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Cannas

Question:

Allen, I'm familiar with all the spring-flowering bulbs, such as daffodils, tulips, and hyacinths, but I'd love to grow more summer bulbs. I remember my grandmother growing what she called a canna lily. Can you tell me more about them?

Answer:

Well, Christine, we grow lots of cannas here at the farm, and you'd be surprised at the different varieties that are available for planting. There are dwarf ones, and there are some that grow very tall.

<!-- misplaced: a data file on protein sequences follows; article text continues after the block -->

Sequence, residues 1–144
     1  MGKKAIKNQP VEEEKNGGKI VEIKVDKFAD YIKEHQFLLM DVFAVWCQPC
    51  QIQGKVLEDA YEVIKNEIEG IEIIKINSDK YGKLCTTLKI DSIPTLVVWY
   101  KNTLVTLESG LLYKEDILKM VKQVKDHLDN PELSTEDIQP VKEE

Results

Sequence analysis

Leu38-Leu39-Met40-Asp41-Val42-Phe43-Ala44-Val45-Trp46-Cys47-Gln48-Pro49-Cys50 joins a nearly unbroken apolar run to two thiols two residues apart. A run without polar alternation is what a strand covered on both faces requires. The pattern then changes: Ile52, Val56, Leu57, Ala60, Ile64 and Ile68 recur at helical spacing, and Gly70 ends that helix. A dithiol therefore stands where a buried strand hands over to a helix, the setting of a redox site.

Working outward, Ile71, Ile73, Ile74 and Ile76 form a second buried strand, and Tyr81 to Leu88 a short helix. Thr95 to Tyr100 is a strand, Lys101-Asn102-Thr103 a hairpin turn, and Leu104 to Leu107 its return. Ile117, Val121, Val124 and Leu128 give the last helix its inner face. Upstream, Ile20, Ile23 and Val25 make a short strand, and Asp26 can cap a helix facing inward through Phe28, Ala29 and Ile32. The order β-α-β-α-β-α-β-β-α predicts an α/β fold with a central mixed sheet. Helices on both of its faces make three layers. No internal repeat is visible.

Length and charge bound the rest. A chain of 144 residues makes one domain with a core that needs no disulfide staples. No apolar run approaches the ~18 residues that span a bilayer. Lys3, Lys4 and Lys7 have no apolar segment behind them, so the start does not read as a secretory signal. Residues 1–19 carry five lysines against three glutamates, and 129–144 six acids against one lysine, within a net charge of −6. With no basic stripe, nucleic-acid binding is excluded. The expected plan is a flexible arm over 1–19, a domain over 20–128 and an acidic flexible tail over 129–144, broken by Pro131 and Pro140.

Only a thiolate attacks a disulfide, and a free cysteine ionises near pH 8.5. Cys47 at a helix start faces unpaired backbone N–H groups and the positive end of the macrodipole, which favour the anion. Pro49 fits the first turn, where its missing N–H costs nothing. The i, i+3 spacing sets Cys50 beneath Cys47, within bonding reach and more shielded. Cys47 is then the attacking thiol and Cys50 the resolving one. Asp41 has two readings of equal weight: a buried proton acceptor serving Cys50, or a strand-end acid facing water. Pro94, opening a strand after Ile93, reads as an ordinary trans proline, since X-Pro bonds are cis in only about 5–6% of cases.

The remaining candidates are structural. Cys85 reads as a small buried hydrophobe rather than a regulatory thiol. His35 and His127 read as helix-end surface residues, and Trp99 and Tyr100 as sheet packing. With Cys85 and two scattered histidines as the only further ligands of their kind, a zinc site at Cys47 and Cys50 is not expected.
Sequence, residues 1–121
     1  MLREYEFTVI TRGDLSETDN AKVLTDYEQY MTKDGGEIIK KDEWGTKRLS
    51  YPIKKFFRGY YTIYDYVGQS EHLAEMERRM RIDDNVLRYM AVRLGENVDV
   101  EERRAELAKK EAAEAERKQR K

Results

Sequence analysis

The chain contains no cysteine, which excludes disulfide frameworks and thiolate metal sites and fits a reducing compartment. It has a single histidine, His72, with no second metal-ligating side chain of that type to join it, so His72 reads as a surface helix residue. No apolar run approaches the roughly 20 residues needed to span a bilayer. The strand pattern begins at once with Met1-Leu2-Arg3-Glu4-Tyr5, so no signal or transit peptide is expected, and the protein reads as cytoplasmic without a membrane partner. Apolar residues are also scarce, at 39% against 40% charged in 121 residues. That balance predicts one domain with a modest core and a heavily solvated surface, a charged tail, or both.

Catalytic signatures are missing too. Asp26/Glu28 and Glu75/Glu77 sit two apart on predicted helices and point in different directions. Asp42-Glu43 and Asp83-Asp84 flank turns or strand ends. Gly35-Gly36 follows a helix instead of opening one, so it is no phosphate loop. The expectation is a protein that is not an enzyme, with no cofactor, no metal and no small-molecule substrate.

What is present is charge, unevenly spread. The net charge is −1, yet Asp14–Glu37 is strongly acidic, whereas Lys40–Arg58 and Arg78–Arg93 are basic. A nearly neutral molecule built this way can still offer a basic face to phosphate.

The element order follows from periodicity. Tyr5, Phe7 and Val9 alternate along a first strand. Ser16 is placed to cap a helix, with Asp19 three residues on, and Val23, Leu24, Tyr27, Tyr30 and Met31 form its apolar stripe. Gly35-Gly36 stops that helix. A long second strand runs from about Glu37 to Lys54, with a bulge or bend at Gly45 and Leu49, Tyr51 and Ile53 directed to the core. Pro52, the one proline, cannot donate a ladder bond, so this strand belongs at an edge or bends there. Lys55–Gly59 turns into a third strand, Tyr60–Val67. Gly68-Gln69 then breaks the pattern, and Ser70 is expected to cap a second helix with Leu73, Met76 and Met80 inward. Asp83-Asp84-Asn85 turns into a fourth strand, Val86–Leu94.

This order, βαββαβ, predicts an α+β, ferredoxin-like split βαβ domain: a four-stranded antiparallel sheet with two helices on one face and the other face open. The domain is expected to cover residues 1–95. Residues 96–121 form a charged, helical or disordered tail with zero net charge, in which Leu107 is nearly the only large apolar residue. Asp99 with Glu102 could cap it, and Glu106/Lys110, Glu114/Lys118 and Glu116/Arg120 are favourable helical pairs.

I grow cannas for a number of reasons. One is that they have beautiful blooms, but, more importantly, I think it's their foliage. There's so much variation in them, so they can work in a variety of situations.

It's important to note that cannas grow from a rhizome rather than a bulb, and you want to select rhizomes that are firm and crisp and have a prominent, bright eye. Since you live in Ohio, your cannas will have to be dug up in the fall and stored in a cool, dry place through the winter and then replanted in the summer. In southern parts of the country, they can be left in the ground, and they come up in big, large clumps year after year.

Christine, just remember, cannas like it hot and in the summer, they'll really show out in your garden. I hope I've answered your question. Good luck.